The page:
· Alex · security  · 4 min read

Bypassing Phishing Filters with Quoted-Printable - ?utf-8?

Using encoding to bypass phishing scanners

Using encoding to bypass phishing scanners

Bypassing Phishing Filters

While going through my inbox, a particular phishing email peeked my interest. I usually just mark similar emails as spam and move on with my life. Usually, they contain weird characters or other tell tale signs, from bad spelling or use of punctuation to various methods of creating a sense of urgency. Not sure what made me look at this one. It might be because recently there isn’t much spam hitting my inbox. Spam and phishing filters do work, but often phishers find tricks to bypass them.

The obvious giveaway there is the email domain and a few language errors, but otherwise the phish looks decent. Looking at the raw email source, I saw some encoded text I didn’t recognize. Phishers use encoding or obfuscation to bypass automated tools, relying on the fact that email clients perform certain types of decoding automatically (like HTML encoding). As an example, here is the “From:” email header:

From: =?UTF-8?B?bs2Pb+GetS1yZeKBrXDigI5seUBz4oGvZeKBqnJ24oGtaWPiga5lLnDhnrRh4oGseeKBr3BsLuKAjmPigIxvbQ==?=

A few google searches later, I found a RFC from 1996 that defines a protocol for handling MIME messages containing non ASCII characters. Section 2 of RFC 2047 mentions how to interpret this encoding:

encoded-word = “=?” charset “?” encoding “?” encoded-text “?=”


  • =? -> is a prefix
  • ? -> a delimiter
  • UTF-8 -> charset
  • B -> stands for Base64. The other type of encoding we can have here is “Q” that stands for “Quoted-Printable”. We’ll talk about this later in this article.
  • bs2Pb+GetS1yZeKBrXDigI5seUBz4oGvZeKBqnJ24oGtaWPiga5lLnDhnrRh4oGseeKBr3BsLuKAjmPigIxvbQ== -> payload
  • ?= -> the suffix

Know that we know how it works, we can try to decode the Base64 using CyberChef or your favorite tool. CyberChef showed some funky characters so I decided to do it locally and dump the hex bytes:

echo 'bs2Pb+GetS1yZeKBrXDigI5seUBz4oGvZeKBqnJ24oGtaWPiga5lLnDhnrRh4oGseeKBr3BsLuKAjmPigIxvbQ==' | base64 -d | xxd
00000000: 6ecd 8f6f e19e b52d 7265 e281 ad70 e280  n..o...-re...p..
00000010: 8e6c 7940 73e2 81af 65e2 81aa 7276 e281  [email protected]..
00000020: ad69 63e2 81ae 652e 70e1 9eb4 61e2 81ac  .ic...e.p...a...
00000030: 79e2 81af 706c 2ee2 808e 63e2 808c 6f6d  y...pl....c...om

Notice the extra bytes (’.’). For comparison, here’s how the same text would look in hex if it were to use ASCII characters only:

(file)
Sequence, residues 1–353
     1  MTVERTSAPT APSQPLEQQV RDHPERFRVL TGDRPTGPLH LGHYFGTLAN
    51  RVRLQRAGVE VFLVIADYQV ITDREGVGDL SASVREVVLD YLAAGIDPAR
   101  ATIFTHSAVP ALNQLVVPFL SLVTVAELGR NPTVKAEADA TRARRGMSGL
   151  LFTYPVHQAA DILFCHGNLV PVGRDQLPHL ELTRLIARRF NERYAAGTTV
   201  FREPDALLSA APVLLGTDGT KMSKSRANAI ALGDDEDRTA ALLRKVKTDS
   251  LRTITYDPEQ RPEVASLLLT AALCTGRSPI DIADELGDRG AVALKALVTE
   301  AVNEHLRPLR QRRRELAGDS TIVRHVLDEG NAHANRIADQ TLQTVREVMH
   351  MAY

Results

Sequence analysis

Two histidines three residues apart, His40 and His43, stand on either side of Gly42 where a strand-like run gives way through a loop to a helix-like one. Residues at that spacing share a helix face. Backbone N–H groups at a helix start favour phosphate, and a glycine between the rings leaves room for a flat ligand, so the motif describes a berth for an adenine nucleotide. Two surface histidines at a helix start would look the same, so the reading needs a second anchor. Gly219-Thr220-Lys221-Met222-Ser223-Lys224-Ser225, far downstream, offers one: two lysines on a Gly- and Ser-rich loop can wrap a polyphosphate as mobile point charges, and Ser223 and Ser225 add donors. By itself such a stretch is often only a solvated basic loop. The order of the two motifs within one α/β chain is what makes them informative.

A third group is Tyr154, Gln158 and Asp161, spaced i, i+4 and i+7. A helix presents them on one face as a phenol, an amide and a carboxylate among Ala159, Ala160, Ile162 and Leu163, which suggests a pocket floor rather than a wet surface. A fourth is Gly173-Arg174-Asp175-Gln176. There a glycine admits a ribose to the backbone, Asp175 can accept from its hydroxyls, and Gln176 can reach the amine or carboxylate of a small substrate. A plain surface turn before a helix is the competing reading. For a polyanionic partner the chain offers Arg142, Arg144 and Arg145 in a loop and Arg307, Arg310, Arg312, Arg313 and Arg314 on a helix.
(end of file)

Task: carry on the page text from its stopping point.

echo "[email protected]" | xxd
00000000: 6e6f 2d72 6570 6c79 4073 6572 7669 6365  no-reply@service
00000010: 2e70 6179 706c 2e63 6f6d 0a              .paypl.com.

However the email client displays these characters just fine:

From: header quoted printable

Same thing for the “Subject:” header:

_Subject: =?UTF-8?B?QeKBrmNjwq1vdeKBrW7hnrV0IExv4oGuY82Pa2XCrWQuIElEIDogTllPRlYtTVFaQ1ZNTA==?=_

Moving on to the actual content of the email, we encounter the same “Quoted-Printable” encoding.

How to Tell If an Email Uses “Quoted-Printable” Encoding?

Easy. Just look for the email header:

_Content-Transfer-Encoding: quoted-printable._

How Does “Quoted-Printable” Encoding Look Like?

Here’s a sample from the raw email source:


By decoding the above in CyberChef, we get:

decode quoted printable](~/assets/images/decode_quoted_printable.png)

So it’s just “Hi” prepended with a bunch of invisible spaces. If we lookup that byte sequence (E2 80 8C), this turns up:


The actual phishing link takes the target through a series of HTTP redirects, abusing URL shorteners from reputable companies (Twitter & LinkedIn) and 1 or more hacked websites until landing on the actual phishing page.

Here is a poorly coded script to decode the raw email. It might miss some lines, but it worked for my needs (inspired from here).

import quopri
from io import BytesIO
import base64
import re
import sys

def decode_w(encoded):
    encoded_word_regex = r'=\?{1}(.+)\?{1}([B|Q])\?{1}(.+)\?{1}='
    match = re.match(encoded_word_regex, encoded)
    if match:
        charset, encoding, encoded_text = match.groups()
        if encoding == 'B':
            byte_string = base64.b64decode(encoded_text + f'==')
        elif encoding == 'Q':
            byte_string = quopri.decodestring(encoded_text)
        return byte_string.decode(charset)
        return encoded

output_f = BytesIO()
f = open(sys.argv[1], "r")
quopri.decode(f, output_f)
output = output_f.getvalue().decode()
output_lines = output.split('\n')
for l in output_lines:
    words = l.split(' ')
    line = ''
    for w in words:

About the Author:


Application Security Engineer and Red-Teamer. Over 15 years of experience in Application Security, Software Engineering and Offensive Security. OSCE3 & OSCP Certified. CTF nerd.

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